Backbench Business — Contaminated Blood and Blood Products — 14 Oct 2010 at 16:00

The majority of MPs voted against calling on the Government to implement the recommendations of the Archer Report into contaminated blood and blood products.

These recommendations were:

  • Recommendation 1 - A statutory committee to advise the Government on the management of haemophilia
  • Recommendation 2 - Haemophilia patients and their partners to receive any tests recommended by the statutory committee
  • Recommendation 3 - All blood donors to receive the same tests (recommended by the statutory committee)
  • Recommendation 4 - Free prescriptions and free access to other services “not freely available under the NHS including...GP visits, counselling, physiotherapy, home nursing and support services” for those infected
  • Recommendation 5 - Secure future of Haemophilia Society by adequate funding
  • Recommendation 6 - Financial assistance should be increased and take the form of prescribed periodic payments.
  • Recommendation 7 - Access to insurance by providing premiums or setting up separate scheme
  • Recommendation 8 - A look back exercise to identify any others who may be infected

The Government published their response to the Archer Report's recommendations in February 2010.

The text of the rejected motion read:

  • That this House
  • recalls that the catastrophic problems of infected blood supplied by the NHS date back to the 1970s and 1980s, infecting 4,670 patients and causing what Lord Winston described as the worst treatment disaster in the history of the NHS;
  • notes that successive administrations only very partially responded to this catastrophe by setting up and funding the MacFarlane Trust, the Skipton Fund and the Eileen Trust;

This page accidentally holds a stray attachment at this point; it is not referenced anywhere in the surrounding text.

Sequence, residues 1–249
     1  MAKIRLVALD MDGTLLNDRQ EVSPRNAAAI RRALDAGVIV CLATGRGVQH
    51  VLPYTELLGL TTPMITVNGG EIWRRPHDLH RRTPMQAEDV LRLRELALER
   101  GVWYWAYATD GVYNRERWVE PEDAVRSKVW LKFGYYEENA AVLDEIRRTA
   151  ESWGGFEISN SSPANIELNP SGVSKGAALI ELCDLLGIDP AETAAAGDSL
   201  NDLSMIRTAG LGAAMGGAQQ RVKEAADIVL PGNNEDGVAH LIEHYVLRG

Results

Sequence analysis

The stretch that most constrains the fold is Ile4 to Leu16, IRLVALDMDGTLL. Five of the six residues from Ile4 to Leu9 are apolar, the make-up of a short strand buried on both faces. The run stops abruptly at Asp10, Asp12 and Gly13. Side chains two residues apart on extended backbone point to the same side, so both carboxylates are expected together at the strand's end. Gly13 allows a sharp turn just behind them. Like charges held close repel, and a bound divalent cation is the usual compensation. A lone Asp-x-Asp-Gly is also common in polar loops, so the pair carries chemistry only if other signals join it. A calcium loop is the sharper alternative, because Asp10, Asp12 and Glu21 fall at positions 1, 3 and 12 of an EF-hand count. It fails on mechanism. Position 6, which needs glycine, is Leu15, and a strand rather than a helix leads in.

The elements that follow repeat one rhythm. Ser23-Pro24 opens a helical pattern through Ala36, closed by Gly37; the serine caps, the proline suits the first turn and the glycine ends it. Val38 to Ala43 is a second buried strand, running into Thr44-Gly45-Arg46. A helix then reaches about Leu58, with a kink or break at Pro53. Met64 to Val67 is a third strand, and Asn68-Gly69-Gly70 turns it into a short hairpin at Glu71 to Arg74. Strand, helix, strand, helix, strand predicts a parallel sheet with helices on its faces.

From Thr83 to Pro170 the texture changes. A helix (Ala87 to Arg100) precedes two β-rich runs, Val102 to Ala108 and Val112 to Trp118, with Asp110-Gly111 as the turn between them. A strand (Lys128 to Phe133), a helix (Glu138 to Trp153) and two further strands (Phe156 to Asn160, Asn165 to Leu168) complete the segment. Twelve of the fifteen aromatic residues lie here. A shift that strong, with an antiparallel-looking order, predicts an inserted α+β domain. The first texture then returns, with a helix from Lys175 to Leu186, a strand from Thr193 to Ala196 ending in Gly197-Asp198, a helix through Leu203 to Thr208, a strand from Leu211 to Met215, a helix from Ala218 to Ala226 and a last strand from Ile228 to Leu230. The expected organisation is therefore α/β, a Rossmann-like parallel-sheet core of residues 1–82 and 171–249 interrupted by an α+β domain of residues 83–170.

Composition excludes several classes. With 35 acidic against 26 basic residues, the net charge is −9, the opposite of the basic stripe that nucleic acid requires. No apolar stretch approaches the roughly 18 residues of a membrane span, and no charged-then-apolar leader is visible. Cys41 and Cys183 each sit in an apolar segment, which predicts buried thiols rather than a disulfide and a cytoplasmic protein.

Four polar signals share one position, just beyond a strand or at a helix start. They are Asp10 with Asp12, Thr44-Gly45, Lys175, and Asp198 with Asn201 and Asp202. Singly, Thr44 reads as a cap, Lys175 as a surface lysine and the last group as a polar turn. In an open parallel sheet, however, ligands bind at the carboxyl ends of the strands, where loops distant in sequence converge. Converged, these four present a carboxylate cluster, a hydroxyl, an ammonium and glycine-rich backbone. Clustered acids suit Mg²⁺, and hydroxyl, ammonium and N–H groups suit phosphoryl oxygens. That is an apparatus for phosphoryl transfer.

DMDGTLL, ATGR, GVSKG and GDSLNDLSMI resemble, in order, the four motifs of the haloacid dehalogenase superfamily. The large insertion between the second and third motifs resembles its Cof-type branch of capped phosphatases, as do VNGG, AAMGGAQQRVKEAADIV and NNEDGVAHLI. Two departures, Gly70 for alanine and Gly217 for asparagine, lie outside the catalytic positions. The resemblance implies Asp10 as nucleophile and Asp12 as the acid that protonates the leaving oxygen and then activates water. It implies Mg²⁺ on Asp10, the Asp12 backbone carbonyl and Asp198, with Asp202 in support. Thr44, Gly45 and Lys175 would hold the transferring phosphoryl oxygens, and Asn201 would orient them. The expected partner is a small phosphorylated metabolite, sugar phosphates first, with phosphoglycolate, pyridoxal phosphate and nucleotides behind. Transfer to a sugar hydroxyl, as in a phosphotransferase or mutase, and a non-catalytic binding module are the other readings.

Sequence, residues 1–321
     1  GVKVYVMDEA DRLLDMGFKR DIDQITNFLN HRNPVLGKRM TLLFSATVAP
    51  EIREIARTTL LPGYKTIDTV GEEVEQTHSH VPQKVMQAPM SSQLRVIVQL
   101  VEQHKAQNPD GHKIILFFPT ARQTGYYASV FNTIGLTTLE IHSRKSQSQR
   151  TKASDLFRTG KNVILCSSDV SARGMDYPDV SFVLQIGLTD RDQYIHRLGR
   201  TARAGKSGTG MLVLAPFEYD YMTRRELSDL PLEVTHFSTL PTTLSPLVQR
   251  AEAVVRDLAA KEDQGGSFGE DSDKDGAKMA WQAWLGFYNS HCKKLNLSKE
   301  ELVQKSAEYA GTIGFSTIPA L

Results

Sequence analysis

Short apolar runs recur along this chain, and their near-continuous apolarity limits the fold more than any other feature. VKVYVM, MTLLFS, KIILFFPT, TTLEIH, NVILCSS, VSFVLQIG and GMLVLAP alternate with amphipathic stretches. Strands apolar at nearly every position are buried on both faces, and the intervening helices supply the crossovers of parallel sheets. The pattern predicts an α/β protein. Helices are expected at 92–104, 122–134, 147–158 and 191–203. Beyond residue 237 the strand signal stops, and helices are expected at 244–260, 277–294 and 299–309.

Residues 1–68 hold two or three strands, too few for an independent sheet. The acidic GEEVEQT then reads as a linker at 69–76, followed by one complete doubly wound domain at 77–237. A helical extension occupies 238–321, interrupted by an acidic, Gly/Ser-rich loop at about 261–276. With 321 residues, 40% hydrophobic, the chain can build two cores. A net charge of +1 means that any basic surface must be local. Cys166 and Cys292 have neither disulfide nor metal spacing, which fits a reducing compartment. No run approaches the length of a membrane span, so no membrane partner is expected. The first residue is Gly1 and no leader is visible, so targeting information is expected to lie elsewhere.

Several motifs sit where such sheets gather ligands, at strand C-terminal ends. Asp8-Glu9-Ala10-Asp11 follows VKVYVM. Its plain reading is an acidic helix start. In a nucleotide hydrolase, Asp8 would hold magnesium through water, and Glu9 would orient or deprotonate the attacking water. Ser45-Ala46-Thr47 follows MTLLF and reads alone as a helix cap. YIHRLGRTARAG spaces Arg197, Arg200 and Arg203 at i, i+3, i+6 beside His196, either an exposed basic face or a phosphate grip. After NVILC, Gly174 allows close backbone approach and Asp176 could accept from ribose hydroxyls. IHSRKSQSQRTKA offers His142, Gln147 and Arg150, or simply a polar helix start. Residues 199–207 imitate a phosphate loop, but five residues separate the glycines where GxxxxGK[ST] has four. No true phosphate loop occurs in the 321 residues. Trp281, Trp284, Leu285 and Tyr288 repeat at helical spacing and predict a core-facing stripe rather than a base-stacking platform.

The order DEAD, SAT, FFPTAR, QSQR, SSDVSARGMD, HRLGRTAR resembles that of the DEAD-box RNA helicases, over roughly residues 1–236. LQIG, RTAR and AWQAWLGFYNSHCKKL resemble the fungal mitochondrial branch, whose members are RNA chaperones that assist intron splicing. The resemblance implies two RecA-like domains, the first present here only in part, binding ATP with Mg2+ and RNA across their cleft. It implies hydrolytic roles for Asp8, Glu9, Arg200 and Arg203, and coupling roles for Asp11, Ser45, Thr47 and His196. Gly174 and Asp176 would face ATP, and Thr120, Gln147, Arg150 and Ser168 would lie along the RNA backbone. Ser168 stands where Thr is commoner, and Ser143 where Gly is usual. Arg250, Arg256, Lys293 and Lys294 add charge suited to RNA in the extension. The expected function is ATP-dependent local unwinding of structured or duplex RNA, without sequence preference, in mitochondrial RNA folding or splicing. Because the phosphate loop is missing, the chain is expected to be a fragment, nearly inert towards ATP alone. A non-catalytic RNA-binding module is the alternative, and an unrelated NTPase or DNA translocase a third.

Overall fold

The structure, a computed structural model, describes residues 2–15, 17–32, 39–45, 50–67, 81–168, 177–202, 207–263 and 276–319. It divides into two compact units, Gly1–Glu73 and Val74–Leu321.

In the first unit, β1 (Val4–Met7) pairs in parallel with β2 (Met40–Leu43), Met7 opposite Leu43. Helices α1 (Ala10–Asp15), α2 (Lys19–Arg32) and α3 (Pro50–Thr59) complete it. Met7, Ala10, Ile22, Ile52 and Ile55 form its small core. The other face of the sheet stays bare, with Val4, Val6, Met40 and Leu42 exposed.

• regrets the past refusal to accept the principal recommendation of the Independent Public Inquiry into the supply of contaminated NHS blood to haemophilia patients, chaired by Lord Archer and established and financed by private initiative and funds, relating to compensation for the victims and set out in paragraph 6(h) of chapter 12 of the Archer Report;
  • further notes that earlier this year the reasons for rejecting this recommendation were challenged successfully in the High Court, which quashed the decision;
  • believes that this ruling constitutes an appropriate moment for the present Government, which bears no responsibility for the inadequate and misjudged policies of successive previous administrations, to extend an apology to the surviving 2,700 sufferers, their families and the bereaved; and
  • calls on the Government to alleviate their intense hardship and suffering by accepting and implementing the recommendations of the Archer Report despite the intense financial pressure on the public purse at this time.

The decision to hold a debate on this subject had been made by the Backbench Business committee.

Debate in Parliament | Source |

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Party Summary

Votes by party, red entries are votes against the majority for that party.

What is Tell? '+1 tell' means that in addition one member of that party was a teller for that division lobby.

What are Boths? An MP can vote both aye and no in the same division. The boths page explains this.

What is Turnout? This is measured against the total membership of the party at the time of the vote.

PartyMajority (No)Minority (Aye)BothTurnout
Con247 (+1 tell) 5082.7%
DUP0 1012.5%
Green0 10100.0%
Lab0 35 (+2 tell)014.3%
LDem38 (+1 tell) 1070.2%
SDLP0 1033.3%
Total:285 44052.6%

Rebel Voters - sorted by name

MPs for which their vote in this division differed from the majority vote of their party. You can see all votes in this division, or every eligible MP who could have voted in this division

Sort by: Name | Constituency | Party | Vote

David DavisHaltemprice and HowdenConaye
Jonathan EvansCardiff NorthConaye
Philip HolloboneKetteringConaye
Jason McCartneyColne ValleyConaye
Greg MulhollandLeeds North WestLDemaye
Caroline NokesRomsey and Southampton NorthConaye

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